The new board member says he is excited by the challenges ahead for the club but Villa are nowhere near where they should be.
Bernstein joined Villa's board alongside club legend Brian Little earlier this month as new chairman Steve Hollis undertakes sweeping changes off the field in preparation for the club's inevitable relegation.
The 72-year-old businessman has a great deal of experience in football, having helped to revive the fortunes of Manchester City as chairman between 1998 and 2003 and holding the same role at the FA for over two years at the start of this decade.
Bernstein admitted that he found the challenge at Villa "particularly interesting" and insists that the club should be amongst the top six in English football rather than destined for the second tier.
He told the club's website: "It's a fantastic challenge. I have been offered a number of things in football since I left the FA and frankly I wasn't interested.
"But when I got the opportunity to get involved with Aston Villa, I think the mix of it being such a great club and yet with so many issues at the moment was particularly interesting for me. I have always been very, very fond of Aston Villa. Now the mix of problem but potential attracts me.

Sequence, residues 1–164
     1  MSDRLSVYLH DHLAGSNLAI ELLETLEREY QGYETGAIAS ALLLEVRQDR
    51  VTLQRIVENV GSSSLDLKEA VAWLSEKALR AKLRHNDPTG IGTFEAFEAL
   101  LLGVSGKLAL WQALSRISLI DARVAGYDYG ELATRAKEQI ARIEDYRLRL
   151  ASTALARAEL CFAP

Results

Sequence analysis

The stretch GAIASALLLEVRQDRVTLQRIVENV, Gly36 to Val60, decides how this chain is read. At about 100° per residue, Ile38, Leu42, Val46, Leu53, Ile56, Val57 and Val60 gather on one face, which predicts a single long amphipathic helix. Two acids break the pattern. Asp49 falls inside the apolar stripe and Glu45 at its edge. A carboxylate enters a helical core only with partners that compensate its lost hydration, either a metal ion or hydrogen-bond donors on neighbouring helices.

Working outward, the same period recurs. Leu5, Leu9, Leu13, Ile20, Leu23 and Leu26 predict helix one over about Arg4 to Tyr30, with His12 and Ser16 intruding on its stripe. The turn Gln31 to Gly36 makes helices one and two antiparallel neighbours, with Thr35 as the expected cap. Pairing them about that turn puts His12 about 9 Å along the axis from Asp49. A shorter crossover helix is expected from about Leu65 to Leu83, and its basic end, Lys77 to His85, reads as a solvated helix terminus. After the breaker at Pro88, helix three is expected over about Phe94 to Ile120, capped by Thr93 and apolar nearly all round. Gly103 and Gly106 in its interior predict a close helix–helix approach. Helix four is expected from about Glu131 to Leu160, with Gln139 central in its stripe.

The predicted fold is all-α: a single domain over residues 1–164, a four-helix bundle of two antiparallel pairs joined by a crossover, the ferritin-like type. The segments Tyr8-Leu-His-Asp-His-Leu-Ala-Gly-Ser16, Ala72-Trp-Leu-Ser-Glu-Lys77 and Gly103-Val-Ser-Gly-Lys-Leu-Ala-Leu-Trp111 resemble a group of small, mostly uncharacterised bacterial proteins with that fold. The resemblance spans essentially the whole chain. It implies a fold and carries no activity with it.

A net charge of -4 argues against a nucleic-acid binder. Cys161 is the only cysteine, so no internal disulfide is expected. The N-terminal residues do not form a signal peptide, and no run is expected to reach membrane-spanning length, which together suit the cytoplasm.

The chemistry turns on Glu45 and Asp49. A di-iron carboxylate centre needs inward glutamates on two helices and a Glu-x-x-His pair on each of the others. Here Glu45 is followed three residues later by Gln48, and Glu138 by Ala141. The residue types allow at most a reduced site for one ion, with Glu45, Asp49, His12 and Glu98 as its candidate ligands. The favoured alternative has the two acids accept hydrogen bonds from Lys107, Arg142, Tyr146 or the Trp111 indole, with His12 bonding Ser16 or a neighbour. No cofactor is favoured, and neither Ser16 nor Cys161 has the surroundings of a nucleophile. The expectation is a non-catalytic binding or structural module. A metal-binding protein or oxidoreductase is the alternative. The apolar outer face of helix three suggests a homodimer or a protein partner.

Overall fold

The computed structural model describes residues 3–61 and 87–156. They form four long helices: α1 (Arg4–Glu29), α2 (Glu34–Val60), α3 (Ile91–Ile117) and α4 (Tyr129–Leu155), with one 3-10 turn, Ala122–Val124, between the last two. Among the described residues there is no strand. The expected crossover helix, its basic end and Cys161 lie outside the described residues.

"I instantly think one of the founding clubs of English football, I think of the premier club in the Midlands despite Leicester's success and we should be one of the top half dozen clubs in the country.
"It's got a great heritage, great support, great stadium, great training ground - it's got everything and frankly shouldn't be where it is. But it is - and we have to deal with the issues."
Villa's Premier League status hangs by a thinner and thinner thread every week and it is only a matter of time before that thread snaps.
After Saturday's home defeat to a mediocre Swansea City, the Birmingham club are now 12 points adrift of safety with just seven matches remaining.
Despite the relatively encouraging changes off the field, with unpopular CEO Tom Fox departing last week, the new board will have a huge rebuilding job on their hands this summer ahead of a first season outside of the top flight in nearly 30 years.